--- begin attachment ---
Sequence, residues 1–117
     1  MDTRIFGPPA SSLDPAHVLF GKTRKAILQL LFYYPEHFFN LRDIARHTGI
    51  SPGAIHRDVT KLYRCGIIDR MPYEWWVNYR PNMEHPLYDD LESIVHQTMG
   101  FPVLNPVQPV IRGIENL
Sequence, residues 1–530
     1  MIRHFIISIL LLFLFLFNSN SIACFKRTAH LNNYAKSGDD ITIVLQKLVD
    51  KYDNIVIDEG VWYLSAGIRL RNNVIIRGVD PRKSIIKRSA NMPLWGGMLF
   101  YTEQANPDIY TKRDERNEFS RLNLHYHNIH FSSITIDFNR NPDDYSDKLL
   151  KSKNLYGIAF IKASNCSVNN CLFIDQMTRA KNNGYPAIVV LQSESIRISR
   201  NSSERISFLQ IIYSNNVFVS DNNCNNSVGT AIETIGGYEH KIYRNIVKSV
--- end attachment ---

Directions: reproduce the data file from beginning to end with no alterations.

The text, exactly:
Sequence, residues 1–117
     1  MDTRIFGPPA SSLDPAHVLF GKTRKAILQL LFYYPEHFFN LRDIARHTGI
    51  SPGAIHRDVT KLYRCGIIDR MPYEWWVNYR PNMEHPLYDD LESIVHQTMG
   101  FPVLNPVQPV IRGIENL
Sequence, residues 1–530
     1  MIRHFIISIL LLFLFLFNSN SIACFKRTAH LNNYAKSGDD ITIVLQKLVD
    51  KYDNIVIDEG VWYLSAGIRL RNNVIIRGVD PRKSIIKRSA NMPLWGGMLF
   101  YTEQANPDIY TKRDERNEFS RLNLHYHNIH FSSITIDFNR NPDDYSDKLL
   151  KSKNLYGIAF IKASNCSVNN CLFIDQMTRA KNNGYPAIVV LQSESIRISR
   201  NSSERISFLQ IIYSNNVFVS DNNCNNSVGT AIETIGGYEH KIYRNIVKSV